class getQryStr:
    def __init__(self,op):
    print op
    self.x = 'd'
    You probably meant
    self.x = op
    def returnStr(x,*args):
    Like the first (__init__) method, this should have the mandatory "self"
    argument, plus *one* other arg .. *if* you need it. It's not apparent
    why you are calling the constructor *and* the returnStr method *each*
    with 'd'.

    print '%s %s me mad' % (x,args)
    if x == 'd':
    Here x is the object that you have created. The first argument to a
    method is the object itself, and is conventionally named "self". It must
    be declared in the method itself
    def amethod(self, arg1, arg2):
    but is supplied automatically when you invoke it
    anobj.amethod('foo', 42)

    [snip]

    Please consider working your way through the Python tutorial
    http://docs.python.org/tut/node11.html
    and/or one of the free e-books e.g.
    http://www.byteofpython.info/

    At the end of this post is a modified version of your script which shows
    what is going on under normal expected usage.

    HTH,
    John

    8<=== demo script ===

    C:\junk>type use_self.py
    class getQryStr:

    def __init__(self, op):
    print '__init__ ... op:%r' % op
    self.x = op

    def returnStr(self, arg):
    print 'returnStr ... self.x:%r arg:%r' % (self.x, arg)
    return '=%s=%s=' % (self.x, arg)

    obj = getQryStr('blah')
    print '__main__ ... obj.x:%r' % obj.x
    s = obj.returnStr('yadda')
    print '__main__ ... s:%r' % s

    8<=== output from demo script ===

    C:\junk>use_self.py
    __init__ ... op:'blah'
    __main__ ... obj.x:'blah'
    returnStr ... self.x:'blah' arg:'yadda'
    __main__ ... s:'=blah=yadda='


    8<=== end ===
  • 3rdshiftcoder at Jun 1, 2006 at 2:21 am
    "John Machin" <sjmachin at lexicon.net> wrote in message
    news:447e32f3 at news.eftel.com...

    thanks for the help.
    it is really appreciated.

    i am going to do some more reading in the next couple of days.


    jim
  • 3rdshiftcoder at Jun 1, 2006 at 12:34 am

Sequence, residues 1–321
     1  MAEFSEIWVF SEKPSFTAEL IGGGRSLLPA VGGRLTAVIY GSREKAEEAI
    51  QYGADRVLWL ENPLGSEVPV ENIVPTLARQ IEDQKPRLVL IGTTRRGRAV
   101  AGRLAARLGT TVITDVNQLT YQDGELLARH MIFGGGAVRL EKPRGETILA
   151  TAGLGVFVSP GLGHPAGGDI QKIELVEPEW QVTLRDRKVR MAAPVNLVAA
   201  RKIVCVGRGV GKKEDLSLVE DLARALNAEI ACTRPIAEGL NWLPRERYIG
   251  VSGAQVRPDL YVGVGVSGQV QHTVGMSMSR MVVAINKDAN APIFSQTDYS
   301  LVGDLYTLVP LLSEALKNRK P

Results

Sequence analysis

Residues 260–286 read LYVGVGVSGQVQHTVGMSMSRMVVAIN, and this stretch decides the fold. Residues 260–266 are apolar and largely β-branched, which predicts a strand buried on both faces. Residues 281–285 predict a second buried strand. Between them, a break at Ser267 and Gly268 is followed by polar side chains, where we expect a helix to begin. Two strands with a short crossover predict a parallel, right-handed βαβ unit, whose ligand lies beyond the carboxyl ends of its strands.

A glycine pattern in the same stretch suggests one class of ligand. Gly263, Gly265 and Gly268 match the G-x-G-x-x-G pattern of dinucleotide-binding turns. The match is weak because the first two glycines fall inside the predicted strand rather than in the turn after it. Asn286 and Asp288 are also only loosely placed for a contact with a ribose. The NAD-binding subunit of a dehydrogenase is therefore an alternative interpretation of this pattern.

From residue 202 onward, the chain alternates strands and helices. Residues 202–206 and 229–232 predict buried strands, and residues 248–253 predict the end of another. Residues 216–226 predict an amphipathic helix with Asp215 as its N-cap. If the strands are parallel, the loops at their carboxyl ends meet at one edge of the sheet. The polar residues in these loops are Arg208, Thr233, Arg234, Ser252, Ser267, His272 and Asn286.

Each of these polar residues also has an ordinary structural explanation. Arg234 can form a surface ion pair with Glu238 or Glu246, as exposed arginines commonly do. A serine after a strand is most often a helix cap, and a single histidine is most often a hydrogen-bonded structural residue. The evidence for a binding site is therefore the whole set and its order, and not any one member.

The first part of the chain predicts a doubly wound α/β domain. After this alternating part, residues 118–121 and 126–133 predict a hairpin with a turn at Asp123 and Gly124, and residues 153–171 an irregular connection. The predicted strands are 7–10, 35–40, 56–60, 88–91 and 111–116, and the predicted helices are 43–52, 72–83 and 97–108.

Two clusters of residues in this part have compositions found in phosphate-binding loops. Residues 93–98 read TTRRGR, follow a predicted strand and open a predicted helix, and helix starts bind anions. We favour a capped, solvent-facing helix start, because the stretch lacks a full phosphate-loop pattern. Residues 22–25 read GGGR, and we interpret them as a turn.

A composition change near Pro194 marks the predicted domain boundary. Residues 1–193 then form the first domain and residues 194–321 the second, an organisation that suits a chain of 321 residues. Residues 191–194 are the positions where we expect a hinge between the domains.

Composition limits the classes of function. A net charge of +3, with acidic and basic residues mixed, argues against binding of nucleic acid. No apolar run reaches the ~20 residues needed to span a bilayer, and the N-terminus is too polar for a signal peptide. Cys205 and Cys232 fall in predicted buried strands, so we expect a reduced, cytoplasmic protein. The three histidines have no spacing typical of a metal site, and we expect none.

thanks very much John!

    so i can have self as function parameter as well as in a method.
    that allowed me to use properties to retrieve the value set in the
    constructor.
    i just changed the function return statement and it worked.
    i was working along these lines but couldnt get it up and running as
    fast as you posted.

    templating sure is a great way to create dynamic query strings.

    very cool so far but still lots to learn.

    thanks again,
    jim


    "John McMonagle" <jmcmonagle at velseis.com.au> wrote in message
    news:mailman.6388.1149119924.27775.python-list at python.org...
    On Wed, 2006-05-31 at 23:24 +0000, 3rdshiftcoder wrote:
    hi-

    i am having trouble using parameter values in my function and to be
    honest a
    little trouble with
    member variables. i am trying to pass in the argument 'd' representing
    delete.
    what the code will do is if it is 'd' it will make a delete query
    template
    string.
    if it is an 'i' then insert query etc.

    this is the results of my attempt to print the contents of the parameter
    values.
    <__main__.getQryStr instance at 0x01151D50> ('d',) me mad


    (and on a side note if i dont include the *args i get an invalid number
    of
    parameters supplied message.)
    why is it returning the value in this format ('d',) ?
    i cant get x == d
    i guess that value 'd' is stored in a tuple and i'd like to get it out of
    there.

    so basically the function returns nope as it stands

    python is sure different from other languages i have used.

    thanks for any help,
    jim

    Try, the following:

    class getQryStr:
    def __init__(self,op):
    print op
    self.x = 'd'
    def returnStr(self, *args):

    print '%s %s me mad' % (self.x,args)
    if self.x == 'd':
    s = Template("delete from columndef where tblid = $tblid and
    colname = $colname")
    else:
    return 'nope' #this else is just for illustration and
    testing

    d = dict(tblid=t.tblid.getText(), colname=t.colName.getText())

    print s.substitute(d)

    return s


    Regards,

    John



    --
    This message has been scanned for viruses and
    dangerous content by MailScanner, and is
    believed to be clean.

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postedMay 31, '06 at 11:24p